New Ian Fraser Memorial Bursary Fund Students 2023

Lonwaba, a 26-year-old educational assistant at the Athlone School for The Blind, aspires to pursue a PhD in Education with a focus on inclusive education. His main motivation stems from the scarcity of individuals with disabilities in this field. Additionally, he aims to shed light on the educational obstacles faced by learners with disabilities, an area that lacks comprehensive literature, especially within the South African context.

Lonwaba perceives inclusive education as a transformative shift in mindset, transcending conventional perceptions of disability and advocating for their integration into society. By attaining this degree, he hopes to foster social acceptance and deepen understanding of the world of disabled individuals.

Beyond his professional pursuits, Lonwaba finds great joy in reading, writing, and playing video games. He holds honesty, integrity, and inclusivity in high regard.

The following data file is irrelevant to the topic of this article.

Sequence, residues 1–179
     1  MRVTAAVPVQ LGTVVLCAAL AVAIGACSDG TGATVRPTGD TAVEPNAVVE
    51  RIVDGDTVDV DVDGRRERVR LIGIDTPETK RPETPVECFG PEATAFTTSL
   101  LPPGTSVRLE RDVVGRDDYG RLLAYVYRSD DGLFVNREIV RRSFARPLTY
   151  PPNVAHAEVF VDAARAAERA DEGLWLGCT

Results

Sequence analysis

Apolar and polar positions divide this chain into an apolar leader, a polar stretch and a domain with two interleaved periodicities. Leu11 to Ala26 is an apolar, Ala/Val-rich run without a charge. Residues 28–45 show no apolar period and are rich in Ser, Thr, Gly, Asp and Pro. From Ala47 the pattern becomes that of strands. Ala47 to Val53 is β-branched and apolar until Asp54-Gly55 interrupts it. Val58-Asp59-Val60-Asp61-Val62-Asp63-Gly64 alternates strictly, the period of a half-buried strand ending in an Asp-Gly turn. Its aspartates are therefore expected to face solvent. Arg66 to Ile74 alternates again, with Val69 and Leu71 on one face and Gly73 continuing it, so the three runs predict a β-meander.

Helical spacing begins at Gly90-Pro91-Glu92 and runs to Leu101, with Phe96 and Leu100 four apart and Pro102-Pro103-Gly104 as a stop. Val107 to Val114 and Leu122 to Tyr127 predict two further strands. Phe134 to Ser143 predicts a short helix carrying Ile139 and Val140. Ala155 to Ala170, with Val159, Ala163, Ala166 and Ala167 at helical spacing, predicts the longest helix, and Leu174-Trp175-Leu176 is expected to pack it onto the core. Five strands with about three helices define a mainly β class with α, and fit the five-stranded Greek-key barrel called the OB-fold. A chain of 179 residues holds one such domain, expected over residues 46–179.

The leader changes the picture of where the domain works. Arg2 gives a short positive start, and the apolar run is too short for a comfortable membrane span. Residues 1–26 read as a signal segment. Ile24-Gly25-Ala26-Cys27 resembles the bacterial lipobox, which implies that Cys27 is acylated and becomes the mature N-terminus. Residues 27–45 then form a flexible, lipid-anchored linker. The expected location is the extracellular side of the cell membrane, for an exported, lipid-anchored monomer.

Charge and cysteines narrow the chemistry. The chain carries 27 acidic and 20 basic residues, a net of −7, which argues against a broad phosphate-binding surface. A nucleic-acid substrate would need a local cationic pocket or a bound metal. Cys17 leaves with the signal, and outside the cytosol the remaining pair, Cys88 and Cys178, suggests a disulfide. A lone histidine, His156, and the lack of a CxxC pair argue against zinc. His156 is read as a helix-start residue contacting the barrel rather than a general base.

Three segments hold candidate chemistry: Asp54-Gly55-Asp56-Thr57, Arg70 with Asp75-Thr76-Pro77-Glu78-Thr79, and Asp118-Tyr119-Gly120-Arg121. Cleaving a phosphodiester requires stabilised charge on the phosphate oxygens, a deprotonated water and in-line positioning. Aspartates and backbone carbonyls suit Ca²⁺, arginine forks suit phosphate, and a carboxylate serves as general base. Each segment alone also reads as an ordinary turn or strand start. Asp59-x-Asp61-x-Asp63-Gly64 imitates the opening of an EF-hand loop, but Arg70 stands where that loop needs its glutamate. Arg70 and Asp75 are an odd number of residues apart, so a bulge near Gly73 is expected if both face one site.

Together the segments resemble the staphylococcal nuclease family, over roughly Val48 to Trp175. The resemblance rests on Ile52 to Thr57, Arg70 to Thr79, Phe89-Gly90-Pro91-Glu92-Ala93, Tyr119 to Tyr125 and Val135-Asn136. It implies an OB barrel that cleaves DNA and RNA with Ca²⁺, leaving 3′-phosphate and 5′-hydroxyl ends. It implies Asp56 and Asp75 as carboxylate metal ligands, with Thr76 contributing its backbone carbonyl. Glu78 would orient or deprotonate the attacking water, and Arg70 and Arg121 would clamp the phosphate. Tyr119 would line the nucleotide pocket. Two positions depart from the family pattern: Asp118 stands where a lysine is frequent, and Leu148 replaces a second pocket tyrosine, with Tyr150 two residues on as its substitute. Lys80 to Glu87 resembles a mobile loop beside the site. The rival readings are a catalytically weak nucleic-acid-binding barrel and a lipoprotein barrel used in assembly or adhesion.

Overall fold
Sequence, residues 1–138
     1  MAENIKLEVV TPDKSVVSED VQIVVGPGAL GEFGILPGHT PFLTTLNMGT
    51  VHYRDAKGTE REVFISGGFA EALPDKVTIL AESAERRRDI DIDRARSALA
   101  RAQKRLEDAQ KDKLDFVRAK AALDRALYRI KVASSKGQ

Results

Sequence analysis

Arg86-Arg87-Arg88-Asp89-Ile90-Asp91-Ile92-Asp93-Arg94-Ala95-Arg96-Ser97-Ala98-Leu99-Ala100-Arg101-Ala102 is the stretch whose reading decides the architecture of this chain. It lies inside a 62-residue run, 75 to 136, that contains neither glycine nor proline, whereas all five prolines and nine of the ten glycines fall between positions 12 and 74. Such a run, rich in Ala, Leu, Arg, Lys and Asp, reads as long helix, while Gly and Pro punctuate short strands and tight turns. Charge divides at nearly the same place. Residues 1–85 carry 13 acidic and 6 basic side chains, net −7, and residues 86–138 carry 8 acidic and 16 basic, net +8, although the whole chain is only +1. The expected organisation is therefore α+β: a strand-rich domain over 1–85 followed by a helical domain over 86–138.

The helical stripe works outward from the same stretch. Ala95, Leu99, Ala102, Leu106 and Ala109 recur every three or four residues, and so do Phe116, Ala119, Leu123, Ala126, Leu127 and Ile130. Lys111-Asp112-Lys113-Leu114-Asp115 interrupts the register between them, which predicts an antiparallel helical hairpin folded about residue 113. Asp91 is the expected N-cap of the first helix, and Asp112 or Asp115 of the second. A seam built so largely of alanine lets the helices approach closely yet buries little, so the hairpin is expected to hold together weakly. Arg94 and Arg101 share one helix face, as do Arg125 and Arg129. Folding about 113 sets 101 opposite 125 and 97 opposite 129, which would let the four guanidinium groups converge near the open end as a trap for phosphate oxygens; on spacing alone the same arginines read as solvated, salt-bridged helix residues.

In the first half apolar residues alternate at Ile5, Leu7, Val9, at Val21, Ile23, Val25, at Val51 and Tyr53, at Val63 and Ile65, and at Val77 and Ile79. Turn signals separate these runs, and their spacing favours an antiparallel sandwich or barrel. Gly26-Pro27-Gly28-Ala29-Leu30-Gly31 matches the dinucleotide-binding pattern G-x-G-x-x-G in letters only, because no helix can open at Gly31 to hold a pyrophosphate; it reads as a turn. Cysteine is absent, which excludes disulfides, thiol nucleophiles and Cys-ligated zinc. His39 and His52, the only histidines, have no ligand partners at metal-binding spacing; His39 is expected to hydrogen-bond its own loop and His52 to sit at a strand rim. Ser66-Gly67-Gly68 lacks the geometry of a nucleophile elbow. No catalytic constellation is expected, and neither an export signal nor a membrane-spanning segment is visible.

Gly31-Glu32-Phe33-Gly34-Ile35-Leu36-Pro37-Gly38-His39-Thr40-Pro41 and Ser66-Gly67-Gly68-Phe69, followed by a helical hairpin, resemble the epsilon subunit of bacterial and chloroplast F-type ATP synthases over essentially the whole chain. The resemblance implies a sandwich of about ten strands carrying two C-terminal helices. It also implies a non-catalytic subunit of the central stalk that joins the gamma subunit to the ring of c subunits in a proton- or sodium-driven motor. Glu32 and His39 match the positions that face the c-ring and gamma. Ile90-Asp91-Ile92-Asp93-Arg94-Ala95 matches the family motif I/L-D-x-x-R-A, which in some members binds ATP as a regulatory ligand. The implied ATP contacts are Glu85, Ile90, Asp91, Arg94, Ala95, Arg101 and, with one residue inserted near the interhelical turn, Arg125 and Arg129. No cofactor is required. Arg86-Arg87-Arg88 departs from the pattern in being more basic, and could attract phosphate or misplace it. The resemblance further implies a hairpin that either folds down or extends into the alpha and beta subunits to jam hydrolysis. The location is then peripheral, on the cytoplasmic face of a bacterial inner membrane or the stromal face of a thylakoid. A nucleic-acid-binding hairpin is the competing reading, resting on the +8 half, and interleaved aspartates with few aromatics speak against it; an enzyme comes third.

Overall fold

Lilley, a 30-year-old writer employed full-time at a learning technology consultancy, also runs her own side business providing counselling, leadership coaching, diversity and inclusion consulting, and other HR-related services. Her ultimate goal is to obtain a master's degree in clinical psychology. She possesses an unwavering fascination with the complexities of the human mind and is driven by a deep passion for aiding individuals in navigating life's challenges and flourishing.


Through her ongoing studies, Lilley aims to make meaningful contributions to the field of Disability Studies. One factor influencing her choice of course is her supervisor, a Clinical Psychologist who can provide a strong recommendation when she applies for her master's degree in clinical psychology. Given the highly competitive nature of the field, having an additional master's degree enhances her prospects.

Furthermore, Lilley's pursuit of a master's degree in clinical psychology will shed light on the detrimental impact of specific types of harmful discourses prevalent in schools for blind and visually impaired students. By exploring how these discourses can shape individuals' internalized identities and behaviours in later life, she will be better equipped to advocate for change.